Over 50% Of Sufferers Don’t Know, Our Poll Show
Fifty-four percent of people who have had a hives outbreak don’t know what caused it, according to a poll done by BeeHealthee.com. Hives, also called urticaria, affect about 20% of the population in the US, most commonly people aged 20 to 30. Most health experts believe that the root cause of hives is an allergic response to a food or drug, but according to our poll, the trigger is often never found.
Sixteen percent of those polled on BeeHealthee.com stated stress was the known cause of their hives, followed by a reaction to medication (13%), an allergic reaction to food (10%), an infection (6%) and an insect bite or sting (1%).
Most cases of acute hives simply resolve themselves on their own after treatment with antihistamines, which block the release of histamine from the cells. In very rare cases, an allergic reaction can cause anaphylaxis, which can be life-threatening.
Types of Hives
There are two types of hives: acute and chronic. Acute hives last for less than 6 weeks, while chronic hives persist for longer than 6 weeks. Over-the-counter antihistamines are effective for hives, but they often have the side effects of drowsiness or sedation in patients. Newer prescription antihistamines are often preferable, as they do not cause these side effects.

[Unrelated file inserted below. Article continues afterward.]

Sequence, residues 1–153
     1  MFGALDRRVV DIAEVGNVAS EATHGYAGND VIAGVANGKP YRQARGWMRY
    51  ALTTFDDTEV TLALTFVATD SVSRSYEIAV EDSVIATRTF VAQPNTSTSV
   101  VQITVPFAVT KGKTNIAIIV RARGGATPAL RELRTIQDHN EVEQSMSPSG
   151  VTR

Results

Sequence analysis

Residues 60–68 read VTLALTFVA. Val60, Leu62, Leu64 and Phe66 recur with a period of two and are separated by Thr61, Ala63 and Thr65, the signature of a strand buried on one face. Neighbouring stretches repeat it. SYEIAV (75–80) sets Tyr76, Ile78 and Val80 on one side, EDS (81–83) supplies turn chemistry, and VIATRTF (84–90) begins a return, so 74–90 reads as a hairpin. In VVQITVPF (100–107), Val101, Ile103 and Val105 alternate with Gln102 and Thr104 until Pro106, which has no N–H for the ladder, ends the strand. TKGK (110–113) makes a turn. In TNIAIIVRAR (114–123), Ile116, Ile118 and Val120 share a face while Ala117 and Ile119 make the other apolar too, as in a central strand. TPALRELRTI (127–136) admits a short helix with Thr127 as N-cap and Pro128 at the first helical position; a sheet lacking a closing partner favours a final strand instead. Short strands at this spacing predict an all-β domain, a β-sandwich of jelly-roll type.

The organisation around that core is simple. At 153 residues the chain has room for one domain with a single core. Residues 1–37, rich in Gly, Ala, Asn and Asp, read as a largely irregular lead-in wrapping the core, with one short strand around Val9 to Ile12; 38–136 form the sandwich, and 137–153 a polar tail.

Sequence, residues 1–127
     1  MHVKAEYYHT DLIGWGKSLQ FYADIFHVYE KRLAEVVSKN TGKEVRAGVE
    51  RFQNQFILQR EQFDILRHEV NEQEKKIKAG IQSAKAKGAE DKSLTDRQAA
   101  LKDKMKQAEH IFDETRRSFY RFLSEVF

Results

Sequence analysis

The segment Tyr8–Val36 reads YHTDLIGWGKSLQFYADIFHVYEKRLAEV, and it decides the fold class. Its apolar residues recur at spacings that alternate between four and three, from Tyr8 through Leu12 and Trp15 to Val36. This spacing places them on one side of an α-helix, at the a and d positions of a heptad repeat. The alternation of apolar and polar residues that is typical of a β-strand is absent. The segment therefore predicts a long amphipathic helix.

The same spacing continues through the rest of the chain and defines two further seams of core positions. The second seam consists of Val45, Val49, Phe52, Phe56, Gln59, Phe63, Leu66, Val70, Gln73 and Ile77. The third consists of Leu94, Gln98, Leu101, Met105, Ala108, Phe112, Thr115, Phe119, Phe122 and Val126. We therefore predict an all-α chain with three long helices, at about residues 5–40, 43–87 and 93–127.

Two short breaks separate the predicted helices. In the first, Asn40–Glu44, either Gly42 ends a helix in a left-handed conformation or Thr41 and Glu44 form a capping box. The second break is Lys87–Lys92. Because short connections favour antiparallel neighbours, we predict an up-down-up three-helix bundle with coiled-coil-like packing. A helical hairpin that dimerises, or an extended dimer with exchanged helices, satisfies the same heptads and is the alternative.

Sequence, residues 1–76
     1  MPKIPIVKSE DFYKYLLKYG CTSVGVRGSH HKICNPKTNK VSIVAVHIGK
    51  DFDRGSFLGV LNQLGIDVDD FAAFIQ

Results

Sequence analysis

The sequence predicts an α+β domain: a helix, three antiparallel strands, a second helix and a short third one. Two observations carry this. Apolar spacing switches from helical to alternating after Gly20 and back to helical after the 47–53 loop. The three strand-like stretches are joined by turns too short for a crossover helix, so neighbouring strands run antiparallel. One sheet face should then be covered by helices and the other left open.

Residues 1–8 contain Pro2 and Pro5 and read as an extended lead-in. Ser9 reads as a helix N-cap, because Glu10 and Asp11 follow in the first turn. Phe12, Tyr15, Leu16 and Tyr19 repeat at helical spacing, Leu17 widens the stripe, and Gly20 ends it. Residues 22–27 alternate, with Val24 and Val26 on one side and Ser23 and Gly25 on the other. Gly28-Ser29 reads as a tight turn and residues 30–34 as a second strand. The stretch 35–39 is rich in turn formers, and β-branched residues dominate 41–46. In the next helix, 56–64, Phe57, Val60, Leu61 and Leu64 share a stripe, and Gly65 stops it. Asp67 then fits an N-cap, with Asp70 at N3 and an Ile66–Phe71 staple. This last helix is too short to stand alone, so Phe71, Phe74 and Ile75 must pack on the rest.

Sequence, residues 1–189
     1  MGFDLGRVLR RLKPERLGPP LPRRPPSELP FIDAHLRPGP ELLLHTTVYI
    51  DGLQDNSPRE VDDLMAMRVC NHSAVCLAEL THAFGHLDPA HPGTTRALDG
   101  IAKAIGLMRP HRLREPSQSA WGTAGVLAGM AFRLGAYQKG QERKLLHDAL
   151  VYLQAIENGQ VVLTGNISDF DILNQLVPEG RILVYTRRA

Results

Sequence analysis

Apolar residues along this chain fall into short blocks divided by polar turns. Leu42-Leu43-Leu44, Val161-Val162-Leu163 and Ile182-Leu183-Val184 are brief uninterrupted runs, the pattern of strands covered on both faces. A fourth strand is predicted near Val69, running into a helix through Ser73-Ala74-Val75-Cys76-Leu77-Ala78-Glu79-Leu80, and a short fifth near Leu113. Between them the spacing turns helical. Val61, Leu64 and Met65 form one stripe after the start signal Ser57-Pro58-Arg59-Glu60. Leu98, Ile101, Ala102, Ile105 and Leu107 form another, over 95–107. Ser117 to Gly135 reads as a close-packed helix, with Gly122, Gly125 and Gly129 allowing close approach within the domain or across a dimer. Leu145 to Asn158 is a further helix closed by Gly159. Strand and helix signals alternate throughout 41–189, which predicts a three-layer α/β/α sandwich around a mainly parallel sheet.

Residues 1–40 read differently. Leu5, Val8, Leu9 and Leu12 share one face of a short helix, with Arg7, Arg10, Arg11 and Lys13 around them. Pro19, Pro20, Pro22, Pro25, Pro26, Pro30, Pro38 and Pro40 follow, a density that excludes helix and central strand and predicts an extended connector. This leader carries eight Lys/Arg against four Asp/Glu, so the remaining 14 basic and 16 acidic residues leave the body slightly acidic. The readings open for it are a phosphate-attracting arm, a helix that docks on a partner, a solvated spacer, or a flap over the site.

Hives present as swellings on the body that often cause itching. They may be pink or red, or appear skin-colored. Hives occur when the cells in the skin release histamine, a chemical that causes the blood vessels in the skin to leak fluid. When this leaked fluid accumulates in the skin, it swells and forms hives.
Hives can be caused by numerous factors: a sudden increase in heat or cold, sunlight, exercise, pressure from an object, stress, chemicals, cosmetics or soaps. They may also be the result of an allergic reaction to something that was inhaled such as pet dander or pollens, from an insect sting, or from a food such as dairy products, fish or shellfish, or nuts. In some cases, hives may be caused by an over the counter medication like aspirin, or a prescribed medication like penicillin. Hives can occur after an infection, or may be associated with types of conditions like thyroid disease or with yeast present in the body (Candida albicans).
Acute hives are less complicated to diagnose than chronic hives. First, the physician will take a detailed history, ask the patient to keep a food diary, and document all medications and time the hives started. Skin testing may also be beneficial to determine if an allergen, infection or medication caused the hives to appear.